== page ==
By Thailandia Alaffita
On Saturday, October 8th, Governor Brown signed the “California DREAM Act” into law. This was a great success for, not only California DREAMers, but for DREAMers all around the nation, for one success means we are one step closer to our ultimate goal which is the DREAM Act.
Is this confusing to anyone?
With elections around the corner, politicians are back on their toes, and trying all kinds of schemes to get the people’s votes. The Latino vote is a very important and crucial one for all politicians, especially those with big Latino populations such as Texas and California. This might be tough to believe, but we are not all undocumented which means that some of us (a lot of us) can vote. And those of us who can’t vote are working determinedly to register people to vote. Surprise!
The DREAM Act has had a hard time becoming a law, and it will continue to, but that is another story. Different state DREAM Act advocate groups have focused on making their specific state more immigrant friendly and more accepting of DREAMers specifically. With the DREAM Act being something far-fetched, politicians are seeking ways to win the Latino vote and what better way than passing state DREAM Acts?
Being a Texan, I have had the luxury to attend college, and graduate from college, all paying in-state tuition. It was a bill that was signed into law before I graduated from high school, and that luckily, despite tireless efforts from my fellow Aggie conservatives, was not overturned before I graduated college. With that said, I never once called this bill the Texas DREAM Act, mainly because it is not!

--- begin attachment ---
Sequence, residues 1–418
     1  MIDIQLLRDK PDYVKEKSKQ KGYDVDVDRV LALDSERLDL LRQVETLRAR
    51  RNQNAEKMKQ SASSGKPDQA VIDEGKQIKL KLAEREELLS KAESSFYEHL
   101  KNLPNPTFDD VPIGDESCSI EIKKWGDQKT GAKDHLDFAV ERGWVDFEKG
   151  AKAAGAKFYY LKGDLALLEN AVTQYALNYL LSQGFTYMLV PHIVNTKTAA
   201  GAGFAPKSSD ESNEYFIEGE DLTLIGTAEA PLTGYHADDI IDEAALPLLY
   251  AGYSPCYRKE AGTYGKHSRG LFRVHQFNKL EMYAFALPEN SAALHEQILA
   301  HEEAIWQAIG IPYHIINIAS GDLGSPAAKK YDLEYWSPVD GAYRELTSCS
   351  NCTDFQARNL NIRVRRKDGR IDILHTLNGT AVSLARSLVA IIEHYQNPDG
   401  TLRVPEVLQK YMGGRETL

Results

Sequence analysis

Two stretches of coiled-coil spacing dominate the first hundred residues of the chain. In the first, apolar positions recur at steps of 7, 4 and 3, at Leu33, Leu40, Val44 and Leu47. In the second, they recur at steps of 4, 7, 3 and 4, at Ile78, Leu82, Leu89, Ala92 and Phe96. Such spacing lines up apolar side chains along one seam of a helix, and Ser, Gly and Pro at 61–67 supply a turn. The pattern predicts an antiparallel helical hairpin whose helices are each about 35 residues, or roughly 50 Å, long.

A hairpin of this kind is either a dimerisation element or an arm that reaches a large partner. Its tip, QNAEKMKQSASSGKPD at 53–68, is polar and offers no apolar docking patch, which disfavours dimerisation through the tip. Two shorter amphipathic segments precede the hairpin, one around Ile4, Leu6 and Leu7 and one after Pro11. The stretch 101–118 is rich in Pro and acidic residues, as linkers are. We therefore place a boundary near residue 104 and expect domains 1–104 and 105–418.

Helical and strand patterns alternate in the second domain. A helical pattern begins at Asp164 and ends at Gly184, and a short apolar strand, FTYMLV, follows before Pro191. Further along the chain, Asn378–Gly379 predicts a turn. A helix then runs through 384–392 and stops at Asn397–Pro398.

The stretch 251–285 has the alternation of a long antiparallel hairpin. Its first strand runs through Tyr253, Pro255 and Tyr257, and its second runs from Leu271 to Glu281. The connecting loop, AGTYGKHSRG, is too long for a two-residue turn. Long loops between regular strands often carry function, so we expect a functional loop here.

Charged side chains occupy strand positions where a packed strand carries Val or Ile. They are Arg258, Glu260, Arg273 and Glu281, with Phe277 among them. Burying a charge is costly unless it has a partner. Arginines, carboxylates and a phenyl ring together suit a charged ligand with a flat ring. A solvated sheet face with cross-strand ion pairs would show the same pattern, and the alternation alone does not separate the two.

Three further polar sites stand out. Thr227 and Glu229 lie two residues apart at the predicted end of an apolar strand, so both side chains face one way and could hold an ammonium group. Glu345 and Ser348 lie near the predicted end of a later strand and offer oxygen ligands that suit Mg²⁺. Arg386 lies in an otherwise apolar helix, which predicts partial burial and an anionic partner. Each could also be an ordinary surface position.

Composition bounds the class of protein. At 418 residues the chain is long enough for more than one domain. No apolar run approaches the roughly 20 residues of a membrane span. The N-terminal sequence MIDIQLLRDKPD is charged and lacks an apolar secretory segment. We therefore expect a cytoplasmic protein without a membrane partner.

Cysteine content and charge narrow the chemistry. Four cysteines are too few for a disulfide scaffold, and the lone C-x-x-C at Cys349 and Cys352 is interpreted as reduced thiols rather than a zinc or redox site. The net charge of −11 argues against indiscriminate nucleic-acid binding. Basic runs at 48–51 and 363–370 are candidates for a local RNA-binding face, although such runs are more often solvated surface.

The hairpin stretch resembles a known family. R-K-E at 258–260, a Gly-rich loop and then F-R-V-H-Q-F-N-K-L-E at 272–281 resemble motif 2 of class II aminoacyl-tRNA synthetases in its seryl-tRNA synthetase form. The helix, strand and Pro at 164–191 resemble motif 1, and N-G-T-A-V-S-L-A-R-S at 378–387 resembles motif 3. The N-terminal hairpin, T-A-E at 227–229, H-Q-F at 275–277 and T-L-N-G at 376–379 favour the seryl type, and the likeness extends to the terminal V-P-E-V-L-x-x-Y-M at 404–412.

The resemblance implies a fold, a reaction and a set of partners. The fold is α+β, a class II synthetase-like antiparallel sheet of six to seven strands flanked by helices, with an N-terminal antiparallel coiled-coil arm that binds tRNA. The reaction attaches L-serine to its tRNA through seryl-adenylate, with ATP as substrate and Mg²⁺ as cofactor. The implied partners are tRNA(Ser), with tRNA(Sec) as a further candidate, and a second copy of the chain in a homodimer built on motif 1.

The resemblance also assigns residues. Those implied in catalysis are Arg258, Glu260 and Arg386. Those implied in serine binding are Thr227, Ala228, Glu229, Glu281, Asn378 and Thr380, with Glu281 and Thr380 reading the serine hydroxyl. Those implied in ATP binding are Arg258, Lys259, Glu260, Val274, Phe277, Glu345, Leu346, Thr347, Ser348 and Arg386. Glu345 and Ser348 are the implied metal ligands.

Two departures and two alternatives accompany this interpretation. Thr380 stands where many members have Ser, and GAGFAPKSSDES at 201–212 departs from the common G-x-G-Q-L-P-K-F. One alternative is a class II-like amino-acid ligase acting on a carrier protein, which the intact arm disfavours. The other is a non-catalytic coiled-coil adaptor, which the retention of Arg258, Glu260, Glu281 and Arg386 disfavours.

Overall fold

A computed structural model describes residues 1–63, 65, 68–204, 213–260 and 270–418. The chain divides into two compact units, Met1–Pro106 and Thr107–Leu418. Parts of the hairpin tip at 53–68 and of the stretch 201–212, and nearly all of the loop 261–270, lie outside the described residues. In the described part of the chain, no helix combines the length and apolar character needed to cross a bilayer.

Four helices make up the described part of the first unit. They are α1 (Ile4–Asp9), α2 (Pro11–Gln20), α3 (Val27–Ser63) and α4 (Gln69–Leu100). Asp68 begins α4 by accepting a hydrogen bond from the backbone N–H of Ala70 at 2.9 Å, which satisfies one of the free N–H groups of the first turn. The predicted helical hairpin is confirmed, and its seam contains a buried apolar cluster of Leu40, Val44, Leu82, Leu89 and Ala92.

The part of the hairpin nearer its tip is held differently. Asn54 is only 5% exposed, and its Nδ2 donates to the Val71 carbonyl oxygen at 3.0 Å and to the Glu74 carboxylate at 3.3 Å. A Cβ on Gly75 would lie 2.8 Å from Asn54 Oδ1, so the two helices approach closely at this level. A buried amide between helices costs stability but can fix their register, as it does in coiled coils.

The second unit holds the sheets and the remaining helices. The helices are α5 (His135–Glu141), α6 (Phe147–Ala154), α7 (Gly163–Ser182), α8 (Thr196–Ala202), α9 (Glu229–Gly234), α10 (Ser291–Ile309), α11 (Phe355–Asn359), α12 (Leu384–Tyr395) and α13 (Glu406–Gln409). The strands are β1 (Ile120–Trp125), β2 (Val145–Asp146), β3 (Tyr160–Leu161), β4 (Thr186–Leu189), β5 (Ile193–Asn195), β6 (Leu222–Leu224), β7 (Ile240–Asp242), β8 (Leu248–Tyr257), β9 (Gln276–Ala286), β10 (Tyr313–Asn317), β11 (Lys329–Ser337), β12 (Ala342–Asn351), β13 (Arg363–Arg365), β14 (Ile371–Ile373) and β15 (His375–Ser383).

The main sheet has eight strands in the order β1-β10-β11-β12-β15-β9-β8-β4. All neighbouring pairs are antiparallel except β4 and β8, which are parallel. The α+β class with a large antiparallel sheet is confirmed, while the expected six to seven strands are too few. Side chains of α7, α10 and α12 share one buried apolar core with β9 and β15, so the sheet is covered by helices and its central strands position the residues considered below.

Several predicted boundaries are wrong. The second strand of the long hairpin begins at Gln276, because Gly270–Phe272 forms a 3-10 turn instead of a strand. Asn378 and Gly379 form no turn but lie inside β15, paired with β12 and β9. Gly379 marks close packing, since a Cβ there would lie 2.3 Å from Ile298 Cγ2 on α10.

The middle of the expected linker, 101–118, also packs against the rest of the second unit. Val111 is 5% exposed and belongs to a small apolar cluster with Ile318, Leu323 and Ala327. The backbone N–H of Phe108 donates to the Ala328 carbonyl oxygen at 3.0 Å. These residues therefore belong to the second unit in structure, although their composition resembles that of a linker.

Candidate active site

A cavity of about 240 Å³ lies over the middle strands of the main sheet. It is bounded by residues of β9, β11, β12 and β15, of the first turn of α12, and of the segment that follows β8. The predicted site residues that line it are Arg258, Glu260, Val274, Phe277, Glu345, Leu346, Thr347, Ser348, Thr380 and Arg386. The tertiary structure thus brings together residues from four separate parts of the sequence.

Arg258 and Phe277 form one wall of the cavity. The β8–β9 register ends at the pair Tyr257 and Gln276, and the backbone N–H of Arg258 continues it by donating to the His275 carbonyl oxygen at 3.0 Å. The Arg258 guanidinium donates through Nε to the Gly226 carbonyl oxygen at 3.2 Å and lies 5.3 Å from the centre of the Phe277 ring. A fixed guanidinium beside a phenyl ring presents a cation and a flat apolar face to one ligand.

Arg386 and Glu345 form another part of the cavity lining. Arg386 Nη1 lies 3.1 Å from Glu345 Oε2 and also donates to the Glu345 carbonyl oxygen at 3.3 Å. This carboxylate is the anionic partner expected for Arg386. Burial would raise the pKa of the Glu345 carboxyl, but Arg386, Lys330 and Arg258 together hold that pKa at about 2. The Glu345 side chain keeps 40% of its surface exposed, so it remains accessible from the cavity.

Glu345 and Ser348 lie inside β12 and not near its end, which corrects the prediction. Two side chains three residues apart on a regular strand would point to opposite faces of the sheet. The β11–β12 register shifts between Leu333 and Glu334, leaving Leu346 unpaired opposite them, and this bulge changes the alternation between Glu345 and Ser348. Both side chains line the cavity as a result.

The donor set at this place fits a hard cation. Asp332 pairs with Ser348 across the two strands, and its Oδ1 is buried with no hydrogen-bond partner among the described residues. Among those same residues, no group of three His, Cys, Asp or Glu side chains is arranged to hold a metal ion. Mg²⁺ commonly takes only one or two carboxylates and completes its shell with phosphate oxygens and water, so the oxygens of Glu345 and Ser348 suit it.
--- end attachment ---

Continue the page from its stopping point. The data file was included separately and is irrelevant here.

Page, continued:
During one of my many rants about what the DREAM Act is and what in-state tuition is to a new member of our organization, I was interrupted by an old member telling me that in-state tuition was NOT HB1403, SB1528, nor in-state tuition, but rather the Texas DREAM Act (this only after California passed their DREAM Act).
“Why doesn’t Texas pass its own DREAM Act like California did?” This new member asked. Well, simply because California didn’t pass a DREAM Act! And we all remember what happened in February when Utah attempted to give their undocumented population permits to work. It didn’t happen! Why? Because “this was something that should not be a state issue”.
I must add that I am not undermining all the hard work of my beloved Californian brothers and sisters in the struggle, simply that we should not call this a DREAM Act. As activists in the movement, we all know what we’re fighting for. In a nutshell, the DREAM Act is a bi-partisan piece of legislation that would allow the children of undocumented immigrants to succeed and fully become a part of this country by putting them on a path to legalization if they fill certain criteria. In simpler terms, the DREAM Act would allow us to finish school and not hit another wall; it would allow us to continue our lives and legally work in the country. The equivalent of the DREAM Act at a state level would be if the states passed some sort of legislation like the one Utah tried to pass, a piece of legislation that would allow these students to work legally (at least in their state) post graduation.
Although California has taken a milestone step by passing what is in-state tuition for them, it is important to let people know that Governor Brown has passed only a part of what is our full dream. The first part is called in-state tuition and the second part is called DREAM Act. Titles are important and can often be misleading; it might seem like we getting something done for the DREAM Act but the truth is, coming from a DREAMer who got the benefits of in-state tuition, we are still in limbo without the DREAM Act.